How YouTube latecomer Vox beat the odds and built a big channel

YouTube is like the Wild West in many ways, including favoring those who set up on the land in the early days.

Vox Media news site Vox, started in 2014, didn’t have that luxury. For many latecomers, YouTube is unforgiving territory, and Facebook tends to offer more hospitable growth opportunities. But Vox decided to center its nascent video strategy on YouTube. A year ago, Vox had 753,000 subscribers and 146.7 million lifetime video views over two years. That’s nothing to sneeze at, but it’s not top tier in YouTube terms.

Fast forward a year: Vox has 2.2 million subscribers and 449.4 million total video views, which means Vox did twice as many views in the past 12 months than it had done in the previous two years. It now ranks 14th among news publishers on YouTube, according to OpenSlate.

The growth comes as people are willing to watch — and spend a lot of time with — Vox explainer videos such as the six-minute “The North Korean nuclear threat, explained” and the nearly 10-minute “Why humans are so bad at thinking about climate change.” The average watch time on YouTube at the beginning of Vox’s video efforts three years ago was one minute, according to Joe Posner, executive producer of video for Vox. Now half of Vox’s YouTube viewers watch for at least four minutes.

“The stories we’re taking on sometimes require us going deeper and longer,” said Posner. “Not everything has to be nine minutes, but if we’re doing a story on pharmaceutical ads — which is a complicated story and involves showing these ads — it would have served the story poorly if it was shorter.”

The explainer videos are also stylistic. For instance, the “North Korean nuclear threat” explainer video mixes narration with newsreel footage, animated graphics — including graphic overlays above news clips —
and other striking visual elements to provide an in-depth look at the issue.

Vox’s surge on YouTube comes at a time when it’s incredibly difficult to launch new channels on the platform. There is overall growth — there are 75 percent more channels with at least 1 million subscribers this year than last year, according to data provided by YouTube. But the field is crowded, which makes it harder for publishers to stick out.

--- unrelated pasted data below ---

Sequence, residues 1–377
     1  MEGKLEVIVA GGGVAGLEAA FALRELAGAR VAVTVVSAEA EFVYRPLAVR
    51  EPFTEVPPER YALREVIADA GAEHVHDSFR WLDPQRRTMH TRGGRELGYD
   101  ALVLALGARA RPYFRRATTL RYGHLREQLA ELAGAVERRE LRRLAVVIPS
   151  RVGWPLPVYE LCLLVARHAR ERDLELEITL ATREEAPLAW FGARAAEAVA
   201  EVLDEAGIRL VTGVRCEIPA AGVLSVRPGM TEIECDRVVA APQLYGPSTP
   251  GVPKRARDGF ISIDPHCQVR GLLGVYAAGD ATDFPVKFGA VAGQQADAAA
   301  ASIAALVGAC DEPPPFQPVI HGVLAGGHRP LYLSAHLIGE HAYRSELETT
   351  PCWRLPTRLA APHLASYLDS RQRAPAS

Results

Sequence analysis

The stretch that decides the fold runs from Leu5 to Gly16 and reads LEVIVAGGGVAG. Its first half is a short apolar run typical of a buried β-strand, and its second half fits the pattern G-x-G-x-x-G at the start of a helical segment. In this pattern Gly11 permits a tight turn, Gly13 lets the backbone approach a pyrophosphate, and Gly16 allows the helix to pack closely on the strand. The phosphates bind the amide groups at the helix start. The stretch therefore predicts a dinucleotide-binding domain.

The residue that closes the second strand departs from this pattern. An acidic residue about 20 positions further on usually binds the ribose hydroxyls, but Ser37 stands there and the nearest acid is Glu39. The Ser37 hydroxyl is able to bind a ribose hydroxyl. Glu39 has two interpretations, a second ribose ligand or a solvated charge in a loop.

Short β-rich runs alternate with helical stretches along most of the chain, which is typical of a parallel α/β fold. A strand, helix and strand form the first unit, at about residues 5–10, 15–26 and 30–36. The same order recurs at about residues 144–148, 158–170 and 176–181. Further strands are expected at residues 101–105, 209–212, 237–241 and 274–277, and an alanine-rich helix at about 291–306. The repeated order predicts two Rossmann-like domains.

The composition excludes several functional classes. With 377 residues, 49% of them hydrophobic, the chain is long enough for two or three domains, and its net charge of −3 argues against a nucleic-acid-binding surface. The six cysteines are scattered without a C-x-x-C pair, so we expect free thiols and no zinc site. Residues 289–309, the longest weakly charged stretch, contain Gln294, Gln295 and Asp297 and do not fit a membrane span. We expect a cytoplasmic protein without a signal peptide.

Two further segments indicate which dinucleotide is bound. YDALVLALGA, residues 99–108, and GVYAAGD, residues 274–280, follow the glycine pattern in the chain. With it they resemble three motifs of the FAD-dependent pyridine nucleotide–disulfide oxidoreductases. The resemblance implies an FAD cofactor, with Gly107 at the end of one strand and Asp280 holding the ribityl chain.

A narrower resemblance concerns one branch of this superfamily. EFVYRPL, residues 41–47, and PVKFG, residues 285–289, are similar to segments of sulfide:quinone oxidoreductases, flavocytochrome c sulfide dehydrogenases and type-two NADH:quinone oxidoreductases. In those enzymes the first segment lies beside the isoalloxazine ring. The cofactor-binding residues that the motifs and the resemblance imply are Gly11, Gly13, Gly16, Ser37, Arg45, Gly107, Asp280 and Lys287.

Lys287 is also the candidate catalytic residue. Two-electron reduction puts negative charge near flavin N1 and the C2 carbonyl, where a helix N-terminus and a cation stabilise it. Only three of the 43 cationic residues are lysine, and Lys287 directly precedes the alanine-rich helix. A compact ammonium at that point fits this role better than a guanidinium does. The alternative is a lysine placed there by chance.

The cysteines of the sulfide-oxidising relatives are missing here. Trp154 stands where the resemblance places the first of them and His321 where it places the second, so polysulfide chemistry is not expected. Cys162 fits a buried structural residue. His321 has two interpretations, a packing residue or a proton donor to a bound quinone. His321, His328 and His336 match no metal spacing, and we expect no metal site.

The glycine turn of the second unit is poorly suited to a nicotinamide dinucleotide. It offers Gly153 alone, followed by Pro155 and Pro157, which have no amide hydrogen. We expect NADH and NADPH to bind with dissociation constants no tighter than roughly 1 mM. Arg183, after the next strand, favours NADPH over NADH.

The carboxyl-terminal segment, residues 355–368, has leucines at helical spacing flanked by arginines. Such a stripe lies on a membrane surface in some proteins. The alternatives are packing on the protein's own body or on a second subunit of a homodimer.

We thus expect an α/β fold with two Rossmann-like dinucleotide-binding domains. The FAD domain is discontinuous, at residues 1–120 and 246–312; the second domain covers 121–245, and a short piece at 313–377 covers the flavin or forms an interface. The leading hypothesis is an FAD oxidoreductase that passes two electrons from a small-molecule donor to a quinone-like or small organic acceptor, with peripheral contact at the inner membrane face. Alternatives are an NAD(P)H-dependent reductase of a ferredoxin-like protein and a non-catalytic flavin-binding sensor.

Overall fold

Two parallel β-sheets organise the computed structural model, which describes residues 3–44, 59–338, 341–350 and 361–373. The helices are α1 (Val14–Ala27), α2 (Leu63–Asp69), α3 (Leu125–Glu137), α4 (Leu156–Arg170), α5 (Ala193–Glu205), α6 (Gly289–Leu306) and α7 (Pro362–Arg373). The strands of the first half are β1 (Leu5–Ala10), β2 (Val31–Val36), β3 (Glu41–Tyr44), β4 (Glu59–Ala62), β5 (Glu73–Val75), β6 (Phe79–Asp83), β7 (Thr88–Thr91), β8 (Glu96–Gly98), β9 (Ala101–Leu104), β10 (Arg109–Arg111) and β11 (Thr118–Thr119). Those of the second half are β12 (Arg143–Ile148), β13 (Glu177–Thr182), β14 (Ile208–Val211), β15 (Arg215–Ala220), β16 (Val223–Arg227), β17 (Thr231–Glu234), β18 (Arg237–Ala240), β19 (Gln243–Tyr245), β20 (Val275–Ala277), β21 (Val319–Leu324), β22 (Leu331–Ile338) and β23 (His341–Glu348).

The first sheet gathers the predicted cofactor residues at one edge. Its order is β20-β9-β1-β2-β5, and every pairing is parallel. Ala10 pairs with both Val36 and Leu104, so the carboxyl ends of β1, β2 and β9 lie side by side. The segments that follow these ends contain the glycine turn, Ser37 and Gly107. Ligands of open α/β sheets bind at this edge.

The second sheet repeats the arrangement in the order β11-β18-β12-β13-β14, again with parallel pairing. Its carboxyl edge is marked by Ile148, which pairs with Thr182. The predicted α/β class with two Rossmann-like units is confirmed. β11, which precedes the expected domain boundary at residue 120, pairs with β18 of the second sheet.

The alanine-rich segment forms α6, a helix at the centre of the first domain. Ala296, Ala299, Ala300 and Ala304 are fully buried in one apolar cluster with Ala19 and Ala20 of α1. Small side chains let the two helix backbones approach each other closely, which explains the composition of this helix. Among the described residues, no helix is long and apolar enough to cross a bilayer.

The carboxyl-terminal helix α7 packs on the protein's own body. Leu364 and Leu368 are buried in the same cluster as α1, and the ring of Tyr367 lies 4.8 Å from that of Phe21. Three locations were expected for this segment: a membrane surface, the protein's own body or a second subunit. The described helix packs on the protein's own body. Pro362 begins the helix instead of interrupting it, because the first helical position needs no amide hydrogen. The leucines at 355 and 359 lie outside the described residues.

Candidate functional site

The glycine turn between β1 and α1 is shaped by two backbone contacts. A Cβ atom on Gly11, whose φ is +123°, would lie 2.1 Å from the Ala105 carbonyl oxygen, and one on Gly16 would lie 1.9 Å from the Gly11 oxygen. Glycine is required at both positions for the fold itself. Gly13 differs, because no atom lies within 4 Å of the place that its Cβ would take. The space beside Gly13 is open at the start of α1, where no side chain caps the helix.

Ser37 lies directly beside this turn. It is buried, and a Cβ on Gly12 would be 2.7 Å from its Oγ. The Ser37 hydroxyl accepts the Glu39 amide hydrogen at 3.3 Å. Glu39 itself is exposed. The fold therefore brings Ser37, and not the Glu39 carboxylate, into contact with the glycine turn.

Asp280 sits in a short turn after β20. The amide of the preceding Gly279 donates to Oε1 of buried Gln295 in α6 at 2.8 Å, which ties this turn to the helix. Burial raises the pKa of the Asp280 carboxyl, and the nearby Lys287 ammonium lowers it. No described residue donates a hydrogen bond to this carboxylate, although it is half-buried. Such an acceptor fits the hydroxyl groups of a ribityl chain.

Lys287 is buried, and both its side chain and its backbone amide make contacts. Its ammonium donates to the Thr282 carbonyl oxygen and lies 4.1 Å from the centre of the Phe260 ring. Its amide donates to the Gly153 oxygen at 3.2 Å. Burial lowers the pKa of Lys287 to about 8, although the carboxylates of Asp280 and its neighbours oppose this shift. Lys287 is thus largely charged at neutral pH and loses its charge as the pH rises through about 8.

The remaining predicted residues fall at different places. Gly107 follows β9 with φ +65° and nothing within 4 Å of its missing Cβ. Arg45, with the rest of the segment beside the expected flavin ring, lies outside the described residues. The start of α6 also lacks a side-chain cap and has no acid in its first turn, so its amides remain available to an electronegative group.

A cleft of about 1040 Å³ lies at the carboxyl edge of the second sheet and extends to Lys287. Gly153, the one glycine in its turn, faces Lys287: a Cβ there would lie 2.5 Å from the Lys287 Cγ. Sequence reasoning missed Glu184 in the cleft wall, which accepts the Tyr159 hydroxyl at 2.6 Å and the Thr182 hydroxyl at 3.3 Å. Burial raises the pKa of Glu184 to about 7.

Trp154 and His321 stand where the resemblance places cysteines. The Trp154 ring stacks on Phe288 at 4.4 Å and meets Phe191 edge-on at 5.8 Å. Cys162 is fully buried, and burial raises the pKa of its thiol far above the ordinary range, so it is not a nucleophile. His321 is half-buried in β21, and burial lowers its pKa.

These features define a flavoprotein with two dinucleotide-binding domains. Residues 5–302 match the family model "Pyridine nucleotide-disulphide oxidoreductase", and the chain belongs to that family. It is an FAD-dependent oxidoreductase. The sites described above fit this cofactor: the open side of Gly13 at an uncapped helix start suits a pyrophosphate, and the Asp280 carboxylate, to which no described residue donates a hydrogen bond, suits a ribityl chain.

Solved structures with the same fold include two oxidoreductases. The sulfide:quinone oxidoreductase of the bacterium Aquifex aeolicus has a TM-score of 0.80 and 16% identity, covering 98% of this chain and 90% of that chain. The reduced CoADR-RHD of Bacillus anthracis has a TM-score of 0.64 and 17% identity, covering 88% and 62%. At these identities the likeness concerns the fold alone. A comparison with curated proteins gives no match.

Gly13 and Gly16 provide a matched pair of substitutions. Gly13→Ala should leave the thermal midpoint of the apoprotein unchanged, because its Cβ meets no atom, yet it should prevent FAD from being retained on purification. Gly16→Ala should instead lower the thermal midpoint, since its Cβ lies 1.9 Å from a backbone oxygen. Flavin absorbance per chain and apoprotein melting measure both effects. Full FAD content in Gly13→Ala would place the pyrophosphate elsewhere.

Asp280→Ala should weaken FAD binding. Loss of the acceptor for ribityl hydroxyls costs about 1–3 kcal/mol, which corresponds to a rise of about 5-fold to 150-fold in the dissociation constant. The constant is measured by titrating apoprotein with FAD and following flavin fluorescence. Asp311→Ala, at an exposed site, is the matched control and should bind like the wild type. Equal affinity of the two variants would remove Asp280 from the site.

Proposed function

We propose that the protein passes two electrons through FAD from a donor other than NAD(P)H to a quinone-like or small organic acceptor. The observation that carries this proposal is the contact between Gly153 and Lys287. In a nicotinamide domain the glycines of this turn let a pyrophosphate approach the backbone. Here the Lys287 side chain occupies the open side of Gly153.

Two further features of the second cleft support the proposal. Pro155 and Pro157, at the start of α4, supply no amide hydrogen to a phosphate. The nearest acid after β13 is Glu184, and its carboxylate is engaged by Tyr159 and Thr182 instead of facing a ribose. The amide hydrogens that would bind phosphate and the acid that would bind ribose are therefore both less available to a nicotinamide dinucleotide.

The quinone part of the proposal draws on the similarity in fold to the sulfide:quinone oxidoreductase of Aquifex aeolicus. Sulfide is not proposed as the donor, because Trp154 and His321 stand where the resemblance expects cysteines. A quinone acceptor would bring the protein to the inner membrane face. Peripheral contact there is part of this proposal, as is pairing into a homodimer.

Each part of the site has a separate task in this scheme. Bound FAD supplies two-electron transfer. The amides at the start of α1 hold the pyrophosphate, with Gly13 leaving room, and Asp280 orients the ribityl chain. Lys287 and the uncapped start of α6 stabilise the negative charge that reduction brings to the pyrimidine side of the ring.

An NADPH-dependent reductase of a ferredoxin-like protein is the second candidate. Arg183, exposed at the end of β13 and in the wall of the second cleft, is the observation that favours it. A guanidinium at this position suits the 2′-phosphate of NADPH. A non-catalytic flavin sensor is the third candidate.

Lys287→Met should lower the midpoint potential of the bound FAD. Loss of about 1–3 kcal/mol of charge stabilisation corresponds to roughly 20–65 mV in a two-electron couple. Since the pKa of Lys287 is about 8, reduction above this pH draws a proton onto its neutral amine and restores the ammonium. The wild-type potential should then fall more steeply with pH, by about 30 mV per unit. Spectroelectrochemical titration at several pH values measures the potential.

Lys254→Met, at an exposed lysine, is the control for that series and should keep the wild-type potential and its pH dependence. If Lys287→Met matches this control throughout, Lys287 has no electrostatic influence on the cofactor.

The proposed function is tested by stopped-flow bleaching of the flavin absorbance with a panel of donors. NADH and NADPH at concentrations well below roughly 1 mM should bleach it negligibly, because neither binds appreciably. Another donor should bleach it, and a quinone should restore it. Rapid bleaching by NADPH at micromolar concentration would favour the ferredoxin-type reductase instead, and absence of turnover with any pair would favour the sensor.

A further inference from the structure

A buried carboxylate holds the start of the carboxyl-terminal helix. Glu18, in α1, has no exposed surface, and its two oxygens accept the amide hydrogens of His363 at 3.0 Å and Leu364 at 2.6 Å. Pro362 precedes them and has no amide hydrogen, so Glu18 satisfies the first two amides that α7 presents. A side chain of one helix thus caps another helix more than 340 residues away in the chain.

Vox credits its YouTube growth to the focus it has placed on doing what it does best: original, explanatory journalism. The video team, which grew from 12 to 20 staffers in 2016, functions as its own journalism unit separate from the writers, according to Andrew Golis, gm of Vox. While both departments frequently collaborate on videos, 60 percent of the video pieces created by Vox are original, fully reported ideas from the video team.

“Unlike other video teams, we’re not getting assignments from an assignment editor saying this is the most important thing to cover,” said Posner. “We’re saying, what can we do and add visually to the great written journalism we do? The same way The New York Times Magazine is kind of its own product, Vox video is its own product.”

This decision to stay focused includes not putting out hundreds of videos per week. On a typical week, Vox is publishing five videos to YouTube, with some shorter pieces created for other platforms. (This does not include Vox’s continued experiments with Facebook Live.)

“What the team has really done is build trust with the audience,” said Golis. “It’s a deeper relationship, and it’s not fast growth based on tricking the platform.”

Which brings us to Facebook. Vox isn’t ignoring Facebook — it has 1.4 million followers on the platform — but more often than not, it’s publishing the same video on both YouTube and Facebook. That makes Vox’s strategy YouTube-centric. In April, Vox hit 36.6 million views on YouTube, compared to 35.1 million views on Facebook, according to Tubular Labs. (Vox founder Ezra Klein contributes an additional 62 million video views on Facebook, Vox said.)  Now that Facebook itself is looking for publishers to create longer videos, the platforms could converge.

Recently, Vox Media announced a new slate of digital shows, which included three editorial series for Vox. “Vox Pop” breaks down the creative aspects of film, TV and music. It’s been viewed nearly 55 million times to date. “Strikethrough,” which has 43 million views so far, goes deep on political topics. And “Borders” focuses on international and political issues.

“Borders” comes out of one of Vox’s most popular videos to date: “Syria’s War: A 5-Minute History,” which has more than 110 million views on YouTube and Facebook.

“There is incentive on platforms to make things specific to platforms,” Posner said. “The reason we focus on putting things on multiple platforms is that it aligns more with our goals as an editorial brand. If it works in both places, that tells us we’re doing a good job.”

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